Yes, you should ordinarily be compensated for the hours worked on behalf of your employer even if the hours are considered “off-the-clock.” Off-the-clock work is work done for an employer that does not count towards an employee’s weekly hours for overtime purposes and which is not otherwise compensated. Examples of such work are many, but may include:
- Setting up at a restaurant before the start of a shift or cleaning up after a shift ends;
- Working through meal breaks;
- Being required to attend pre-shift meetings without pay;
- Being required to change in and out of uniforms at work without pay (commonly referred to as “donning and doffing”);
- Arriving to your work station and performing work prior to your start time;
- Finishing paperwork or other tasks after clocking out;
- Working remotely at the request of your employer;
- Travel time (i.e. between job sites)
- On-Call Time
- i.e. an employee who is required to remain “on call” on the employer’s premises or so close to the premises that the employee cannot use the time effectively for his or her own personal activities is considered working while and the time must be compensated.
- Being required to send, read, or respond to emails, voicemails, or texts on a cell phone or laptop.
A common violation also occurs when employees pay commissions incorrectly during weeks an employee works overtime. Many employees are misclassified
as independent contractors so their employers do not have to pay them overtime. Other employees are paid a salary and labeled “exempt” from the Fair Labor Standards Act (FLSA)
, even though the FLSA does not support their exempt status because they primarily perform nonexempt duties.
The determination of whether certain activities are off-the-clock work, thereby requiring compensation, are typically dependent on the particular facts of each case. There are three key questions courts will consider to help make that determination:
- (1) Is the activity integral or necessary to the performance of the job or required by the employer?
- (2) Does the employee have control over when and where these activities are done? and
- (3) Is the time spent de minimis?
With respect to the first two questions, the main issue is control, i.e., how much control does the employer have over an employee’s actions. The more control the employer has, the more likely it will be that such work is off-the-clock requiring the employee to be paid. When determining control, consider whether the activities are required or necessary to do the job, or whether the employer directs when or where the activities occur.
With travel time, for example, one’s commute in between work sites and from the work site to the employer’s location are compensable hours, so you should be paid for that time. To that end, when the employee must use a company car, is limited as to what the employee may do when using that car, and driving the company car is integral to the job, then even commute time may be deemed “hours worked” and compensable. However, driving from home to work, and back again is typically not considered as hours worked and thus is not compensable.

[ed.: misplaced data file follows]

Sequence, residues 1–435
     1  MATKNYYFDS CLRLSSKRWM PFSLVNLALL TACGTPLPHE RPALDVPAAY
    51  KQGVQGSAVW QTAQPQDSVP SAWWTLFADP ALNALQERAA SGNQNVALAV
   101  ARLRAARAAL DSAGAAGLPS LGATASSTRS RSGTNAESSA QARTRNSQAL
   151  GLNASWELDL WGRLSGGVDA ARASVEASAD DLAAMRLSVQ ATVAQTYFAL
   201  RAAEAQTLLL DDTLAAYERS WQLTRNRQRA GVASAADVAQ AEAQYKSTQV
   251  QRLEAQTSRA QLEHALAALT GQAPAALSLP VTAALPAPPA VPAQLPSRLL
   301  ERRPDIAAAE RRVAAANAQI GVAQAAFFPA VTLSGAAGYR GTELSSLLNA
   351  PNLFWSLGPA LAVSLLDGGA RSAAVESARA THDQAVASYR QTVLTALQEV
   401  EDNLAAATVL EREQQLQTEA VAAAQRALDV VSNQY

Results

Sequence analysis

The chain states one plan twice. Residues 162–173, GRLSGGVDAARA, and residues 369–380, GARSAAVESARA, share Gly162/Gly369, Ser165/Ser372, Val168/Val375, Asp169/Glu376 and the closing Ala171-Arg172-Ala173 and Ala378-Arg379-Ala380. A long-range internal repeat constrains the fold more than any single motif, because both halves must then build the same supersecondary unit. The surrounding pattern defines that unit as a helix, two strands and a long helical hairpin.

Similarly, for employees who are “on-call,” courts will look to, among other things, whether there are geographic limitations while on-call, the frequency of calls, and any required response time to a call. While no one factor is determinative, the ultimate question is how much freedom the employee has to engage in personal pursuits while on-call. The more control an employer exerts over the employee, the more likely the employee should be paid because they are hours worked. Each case is very fact intensive, which is why you should discuss your work situation and off-the-clock-work with an Ohio and FLSA off-the-clock-work attorney at Bryant Legal, LLC.
If you answer “yes” to any of the scenarios below, you are likely owed unpaid overtime wages and should contact us immediately to discuss in more detail. When evaluating any of the examples below, you should really focus on all of the hours you work (not just ones where you are clocked in or are paid for).
- Do you work before your shift without pay?
- start your work early, prepare for work, turn on your computer, logging into programs, emails, change into your uniform, gathering your equipment before traveling to a work site
- Do you work after your shift without pay?
- stay after regular business hours to finish your work, change out of your uniform, or clean your workstation
- Do you work from home without pay?
- check emails, answer or make phone calls
- Do you work through meal periods?
- eat at your desk, eat “on the go,” or eat while driving
- Are you not paid for short rest periods without pay?
- for example, shorter rest periods can range anywhere from 5 to 20-minute rest periods
- Are you not paid for travel time?
- while ordinary travel from home to work and back is not compensable, some work-related travel time is compensable. For example, if you must initially report to one location, such as the employer’s dispatching center, to receive assignments, and then must proceed to travel to other job locations it is compensable.
- If travel time spent includes any duties performed on behalf of the employer or otherwise is for the emplyoer’s benefit, it is compensable.
- Travel time to and from work in a special one-day assignment to another city is compensable.
- Are you not paid for training and meetings?
- during normal work hours, job related
In the event you believe you or your employees are not being paid for time spent working on behalf of your employer, call the Ohio and FLSA off-the-clock work attorneys at Bryant Legal, LLC
today for a free consultation to determine whether you are entitled to unpaid wages and overtime wages.